Here's how HBO's new streaming services stacks up to Netflix
TORONTO - As the battle for TV viewers intensifies, Bell Media says it has struck an agreement for the exclusive Canadian rights of original series made for the upcoming U.S. streaming platform HBO Max.
The pact with Warner Bros., announced Wednesday, will secure a fresh selection of programming to help fortify Bell's Crave streaming brand in an increasingly crowded market when Apple TV Plus and Disney Plus arrive in November.
The deal also confirms that HBO Max isn't headed to Canada as a stand-alone option when it launches stateside next May, a move that would have thrown another streaming competitor into the ring.
Instead, Bell Media president Randy Lennox said TV shows produced by Warner for HBO Max will mostly land on Crave's premium HBO tier, which costs roughly $20 per month. HBO Max will cost $14.99 per month in the United States.
For Canadians, the Crave subscription price won't be raised as part of the new agreement, Lennox added.
“We wanted to simplify this convoluted world of so many offerings,” Lennox said in an interview with The Canadian Press.
“Disney Plus, Netflix and Amazon are inarguably ubiquitous goliaths - but when you add all this content ... to the already substantial Crave offering, I really do believe we compete on the world stage.”
Upcoming titles in the HBO Max deal, which takes effect next year, include a spinoff of “Gossip Girl,” DC Comics series “Green Lantern,” and “Dune: The Sisterhood,” a project from Quebec director Denis Villeneuve that's set in the universe of Frank Herbert's “Dune” novels.
But not everything on HBO Max will be mirrored in Canada. The agreement only covers output from Warner's television production operations.
That means certain TV shows produced by other companies will be excluded, among them Sony's update to the cult animated series “The Boondocks,” and “Sesame Street,” which has a U.S. deal with HBO Max for both past and upcoming seasons.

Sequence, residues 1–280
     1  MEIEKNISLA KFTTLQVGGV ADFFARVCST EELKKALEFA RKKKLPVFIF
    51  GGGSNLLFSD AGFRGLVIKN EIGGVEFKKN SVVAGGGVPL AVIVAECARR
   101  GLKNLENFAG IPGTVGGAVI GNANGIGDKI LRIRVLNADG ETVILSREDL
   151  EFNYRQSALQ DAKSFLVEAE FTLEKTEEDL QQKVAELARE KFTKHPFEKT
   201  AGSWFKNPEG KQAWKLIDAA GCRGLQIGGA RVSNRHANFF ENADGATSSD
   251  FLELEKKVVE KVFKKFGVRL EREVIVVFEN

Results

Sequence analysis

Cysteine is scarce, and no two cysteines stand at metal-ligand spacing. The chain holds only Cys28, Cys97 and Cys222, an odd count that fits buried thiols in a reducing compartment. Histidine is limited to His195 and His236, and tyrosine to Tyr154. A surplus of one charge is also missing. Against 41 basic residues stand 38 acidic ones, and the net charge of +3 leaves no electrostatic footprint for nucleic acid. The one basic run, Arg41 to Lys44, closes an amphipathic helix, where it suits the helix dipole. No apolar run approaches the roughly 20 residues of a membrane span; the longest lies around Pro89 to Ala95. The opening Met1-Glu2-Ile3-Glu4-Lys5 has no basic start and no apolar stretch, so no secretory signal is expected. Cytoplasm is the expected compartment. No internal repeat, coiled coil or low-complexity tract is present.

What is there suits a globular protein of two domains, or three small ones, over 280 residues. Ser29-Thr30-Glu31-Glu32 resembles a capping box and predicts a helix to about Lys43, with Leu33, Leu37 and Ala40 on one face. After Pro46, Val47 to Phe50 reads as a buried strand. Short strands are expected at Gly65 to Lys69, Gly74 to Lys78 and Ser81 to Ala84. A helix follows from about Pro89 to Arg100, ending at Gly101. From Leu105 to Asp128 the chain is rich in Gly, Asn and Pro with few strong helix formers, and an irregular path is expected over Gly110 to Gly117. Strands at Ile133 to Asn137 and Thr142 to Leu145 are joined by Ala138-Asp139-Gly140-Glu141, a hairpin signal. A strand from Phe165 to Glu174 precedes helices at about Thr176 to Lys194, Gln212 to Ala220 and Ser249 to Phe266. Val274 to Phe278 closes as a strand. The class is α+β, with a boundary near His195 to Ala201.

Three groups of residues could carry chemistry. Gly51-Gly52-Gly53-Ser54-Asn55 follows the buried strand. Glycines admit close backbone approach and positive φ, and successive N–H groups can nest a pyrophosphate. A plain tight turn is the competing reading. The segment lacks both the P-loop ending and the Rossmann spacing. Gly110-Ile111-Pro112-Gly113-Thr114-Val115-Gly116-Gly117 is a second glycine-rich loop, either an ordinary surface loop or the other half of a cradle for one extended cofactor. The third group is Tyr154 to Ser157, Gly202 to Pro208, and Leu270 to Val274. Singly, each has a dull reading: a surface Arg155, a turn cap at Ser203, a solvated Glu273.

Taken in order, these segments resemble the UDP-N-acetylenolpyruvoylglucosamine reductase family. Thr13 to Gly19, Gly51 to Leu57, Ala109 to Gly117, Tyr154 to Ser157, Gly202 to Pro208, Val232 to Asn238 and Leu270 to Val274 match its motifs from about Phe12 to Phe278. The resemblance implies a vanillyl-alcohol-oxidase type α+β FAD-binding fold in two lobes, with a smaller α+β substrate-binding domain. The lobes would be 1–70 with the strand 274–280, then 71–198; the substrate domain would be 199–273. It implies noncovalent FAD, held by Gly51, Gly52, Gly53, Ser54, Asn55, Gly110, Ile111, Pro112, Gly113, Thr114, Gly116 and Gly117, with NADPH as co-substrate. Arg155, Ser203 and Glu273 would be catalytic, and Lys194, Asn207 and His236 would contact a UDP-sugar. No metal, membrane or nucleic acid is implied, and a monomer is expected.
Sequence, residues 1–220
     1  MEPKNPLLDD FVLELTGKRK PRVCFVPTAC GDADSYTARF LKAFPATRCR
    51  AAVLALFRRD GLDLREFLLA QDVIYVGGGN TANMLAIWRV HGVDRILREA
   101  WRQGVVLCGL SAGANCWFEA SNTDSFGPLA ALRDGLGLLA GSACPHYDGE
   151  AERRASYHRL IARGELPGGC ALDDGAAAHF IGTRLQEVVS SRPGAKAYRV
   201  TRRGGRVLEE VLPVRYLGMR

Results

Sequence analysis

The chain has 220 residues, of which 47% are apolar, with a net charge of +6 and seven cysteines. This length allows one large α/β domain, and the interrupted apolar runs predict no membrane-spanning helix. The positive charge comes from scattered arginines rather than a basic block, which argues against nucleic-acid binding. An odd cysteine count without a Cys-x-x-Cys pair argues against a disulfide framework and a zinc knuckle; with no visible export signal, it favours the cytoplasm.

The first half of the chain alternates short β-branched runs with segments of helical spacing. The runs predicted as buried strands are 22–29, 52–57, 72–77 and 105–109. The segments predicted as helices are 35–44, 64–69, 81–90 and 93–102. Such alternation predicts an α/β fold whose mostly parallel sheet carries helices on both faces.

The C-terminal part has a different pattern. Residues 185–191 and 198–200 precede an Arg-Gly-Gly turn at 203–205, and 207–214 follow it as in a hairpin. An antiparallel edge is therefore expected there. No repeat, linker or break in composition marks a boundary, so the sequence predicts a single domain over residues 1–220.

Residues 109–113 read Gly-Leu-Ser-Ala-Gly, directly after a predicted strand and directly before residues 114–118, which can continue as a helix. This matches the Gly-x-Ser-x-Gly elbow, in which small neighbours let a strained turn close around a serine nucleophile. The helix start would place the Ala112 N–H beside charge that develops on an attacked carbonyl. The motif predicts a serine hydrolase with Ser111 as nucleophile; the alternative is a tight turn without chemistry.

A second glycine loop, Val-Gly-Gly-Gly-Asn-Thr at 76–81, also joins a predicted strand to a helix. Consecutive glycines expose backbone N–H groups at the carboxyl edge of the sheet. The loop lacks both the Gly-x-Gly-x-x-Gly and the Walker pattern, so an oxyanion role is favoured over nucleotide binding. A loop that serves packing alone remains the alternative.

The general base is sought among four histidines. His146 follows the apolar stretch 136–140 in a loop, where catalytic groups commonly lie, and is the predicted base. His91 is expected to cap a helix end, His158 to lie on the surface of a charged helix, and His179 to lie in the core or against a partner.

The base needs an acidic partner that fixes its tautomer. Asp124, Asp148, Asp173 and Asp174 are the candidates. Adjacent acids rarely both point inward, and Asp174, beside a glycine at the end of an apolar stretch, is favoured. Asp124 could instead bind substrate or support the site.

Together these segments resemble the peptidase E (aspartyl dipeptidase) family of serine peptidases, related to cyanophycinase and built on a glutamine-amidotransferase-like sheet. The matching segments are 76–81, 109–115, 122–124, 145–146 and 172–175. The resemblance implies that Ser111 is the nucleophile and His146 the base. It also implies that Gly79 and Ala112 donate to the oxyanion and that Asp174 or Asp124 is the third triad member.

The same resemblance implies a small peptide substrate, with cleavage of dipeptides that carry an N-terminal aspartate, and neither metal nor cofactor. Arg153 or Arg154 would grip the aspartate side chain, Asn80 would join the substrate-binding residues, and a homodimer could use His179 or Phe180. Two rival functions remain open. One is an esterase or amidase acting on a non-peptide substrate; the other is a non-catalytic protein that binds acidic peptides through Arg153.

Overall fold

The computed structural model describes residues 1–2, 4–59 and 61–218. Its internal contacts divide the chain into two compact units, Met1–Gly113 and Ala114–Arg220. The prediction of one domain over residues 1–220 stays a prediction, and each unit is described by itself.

Wildly popular 1990s sitcom “Friends” was confirmed to be leaving Netflix for the HBO Max service in the United States, but won't be making that same leap in Canada. And Japanese animated films made by Studio Ghibli, including Oscar winner “Spirited Away,” aren't part of the deal either.
Lennox said the selection available through Crave's HBO package more than compensates for the missing programs.
Viewers will have access to HBO titles “Game of Thrones” and “Succession” and Hollywood movies “Green Book” and “Crazy Rich Asians,” as well as the basic tier of Crave, which features Showtime's cable programs and classic network TV hits “Seinfeld” and “Big Bang Theory.”
Exclusive content has become a valuable asset for all of the major streaming players, who have invested billions of dollars in producing new shows and films to attract more subscribers and retain their current ones.
Netflix heads into the final months of the year with its strongest roster of potential awards contenders yet, including the Martin Scorsese drama “The Irishman” and Scarlett Johansson-starring divorce dramedy “Marriage Story” in an effort to reinforce its dominance. Amazon makes a similar play for accolades with the Adam Driver CIA whistleblower thriller “The Report.”
Those films will be trying to wrestle attention away from the star-studded TV lineup debuting Nov. 1 on Apple TV Plus, and the extensive selection of family-oriented programs making their way to Disney Plus on Nov. 12.
Under the HBO Max contract, Bell also renewed its first-run rights for Warner Bros. feature films, which include recent blockbuster hits “Joker” and “It Chapter Two.”
Lennox said he is considering experiments that might place some HBO Max series on CTV broadcast channels first, for example, putting “Gossip Girl” on its CTV Life cable channel before it debuts on Crave.
“All roads will lead to Crave,” he added.
“But certainly we will use our CTV platform ubiquity - CTV Life, CTV Drama, CTV Comedy - to also have the 'max' portion of the HBO Max content.”
BNN Bloomberg is a division of Bell Media, which is owned by BCE.